Oman flag Oman: Economic and Political Overview

The economic context of Oman

Economic Indicators

The Sultanate of Oman has experienced remarkable economic growth since 2004, primarily driven by the exploitation of its oil reserves. Despite a contraction due to the pandemic, Oman's economic recovery continued in 2022 (+4.3% of GDP), supported by favorable oil prices and sustained reform momentum. In 2023, growth persisted, albeit at a slower pace (+1.2%), reflecting OPEC+-related oil production cuts. GDP growth is projected to slightly expand to 1.4% in 2024, supported by increased gas production, the commencement of operations at the Duqm refinery, and higher non-hydrocarbon growth (2.5%). Over the medium term, non-hydrocarbon growth is expected to gradually increase to 4%, supported by global demand recovery, continued reforms, and robust private investment, particularly in non-hydrocarbon sectors (IMF).

Oman has made significant progress in strengthening its fiscal and external positions while advancing the implementation of Oman Vision 2040. The Medium-Term Fiscal Plan (MTFP), initiated in 2020, has played a crucial role in achieving fiscal sustainability by diversifying revenue streams, controlling expenditures, and prudently managing hydrocarbon windfall savings. The overall fiscal balance achieved a surplus of 5.5% of GDP in 2023, driven by favorable oil prices and sustained fiscal discipline. However, it is projected to decrease to 3.7% of GDP in 2024, mainly due to increased social spending as the new social protection law takes effect. Over the medium term, the overall fiscal balance is expected to remain comfortably in surplus, declining to 3.3% of GDP by 2028 in line with oil price trends. Central government debt, which stood at 37.7% of GDP in 2023, is forecasted to decrease to around 30% of GDP by 2028, supported by favorable debt dynamics and ongoing net repayments. Oman's risk of sovereign debt stress is assessed as low, supported by the availability of liquid financial assets to the government, which helps mitigate solvency and liquidity risks. Inflation decreased to 1.2% in 2023, primarily attributed to lower transport and food inflation rates, and is anticipated to align with a target of 2% over the medium term, consistent with the currency peg to the U.S. dollar.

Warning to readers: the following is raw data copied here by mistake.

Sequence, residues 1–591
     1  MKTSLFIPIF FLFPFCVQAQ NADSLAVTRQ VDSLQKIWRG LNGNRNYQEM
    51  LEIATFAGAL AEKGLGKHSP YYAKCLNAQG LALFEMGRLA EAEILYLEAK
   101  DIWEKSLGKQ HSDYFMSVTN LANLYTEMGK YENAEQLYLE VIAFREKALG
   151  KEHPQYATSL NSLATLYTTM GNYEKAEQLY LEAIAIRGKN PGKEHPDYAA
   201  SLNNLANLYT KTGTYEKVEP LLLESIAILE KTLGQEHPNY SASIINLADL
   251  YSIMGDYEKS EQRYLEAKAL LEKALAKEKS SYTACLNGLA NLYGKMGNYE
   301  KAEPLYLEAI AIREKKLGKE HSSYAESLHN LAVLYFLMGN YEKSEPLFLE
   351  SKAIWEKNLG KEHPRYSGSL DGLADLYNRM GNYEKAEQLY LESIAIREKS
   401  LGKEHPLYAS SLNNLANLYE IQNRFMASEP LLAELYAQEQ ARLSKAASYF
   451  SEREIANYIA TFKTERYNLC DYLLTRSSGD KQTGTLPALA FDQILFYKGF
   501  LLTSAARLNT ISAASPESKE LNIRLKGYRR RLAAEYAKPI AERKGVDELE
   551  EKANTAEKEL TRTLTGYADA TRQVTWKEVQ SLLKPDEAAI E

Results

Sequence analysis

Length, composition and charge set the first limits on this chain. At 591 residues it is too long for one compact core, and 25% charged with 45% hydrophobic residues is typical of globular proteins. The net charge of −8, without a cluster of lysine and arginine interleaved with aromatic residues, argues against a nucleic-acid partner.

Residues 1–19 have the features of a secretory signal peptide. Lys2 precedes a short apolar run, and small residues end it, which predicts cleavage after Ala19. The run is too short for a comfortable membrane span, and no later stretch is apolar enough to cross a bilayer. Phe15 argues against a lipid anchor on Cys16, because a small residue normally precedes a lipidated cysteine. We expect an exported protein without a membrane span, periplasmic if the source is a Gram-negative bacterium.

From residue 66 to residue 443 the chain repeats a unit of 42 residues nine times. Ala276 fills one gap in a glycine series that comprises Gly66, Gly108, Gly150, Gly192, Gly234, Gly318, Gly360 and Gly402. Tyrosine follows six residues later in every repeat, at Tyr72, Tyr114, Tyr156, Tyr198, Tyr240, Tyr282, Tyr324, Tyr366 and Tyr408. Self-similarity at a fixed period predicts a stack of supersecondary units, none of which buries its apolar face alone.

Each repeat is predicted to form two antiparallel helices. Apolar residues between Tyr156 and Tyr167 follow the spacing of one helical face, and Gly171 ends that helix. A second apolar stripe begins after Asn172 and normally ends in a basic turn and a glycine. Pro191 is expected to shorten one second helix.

According to the IMF, employment grew by 16.2% in 2022, primarily driven by the recovery of expatriate employment to pre-pandemic levels. Omani employment grew at a modest 3.6% in 2022. However, recent data indicates a continued increase in expatriate employment but a decrease in Omani employment in the first half of 2023. In response, the government introduced initiatives to address the high share of expatriate workers, including bans on foreign worker visas, to promote the employment of Omani citizens. Additionally, the authorities have implemented a new labor law focused on modernizing regulations and enhancing working conditions and flexibility in the labor market. Several initiatives have been launched to bolster the employment of nationals in the private sector, including the Wage Protection System and providing wage support to private sector employers for hiring nationals.

Main Indicators 20222023 (E)2024 (E)2025 (E)2026 (E)
GDP (billions USD) 114.67109.13108.93111.05114.81
GDP (Constant Prices, Annual % Change)
GDP per Capita (USD) 23,44721,62320,91320,66020,697
General Government Gross Debt (in % of GDP) 39.836.435.433.531.6
Inflation Rate (%)
Current Account (billions USD) 5.651.952.962.342.24
Current Account (in % of GDP)

Source: IMF – World Economic Outlook Database, October 2021

Main Sectors of Industry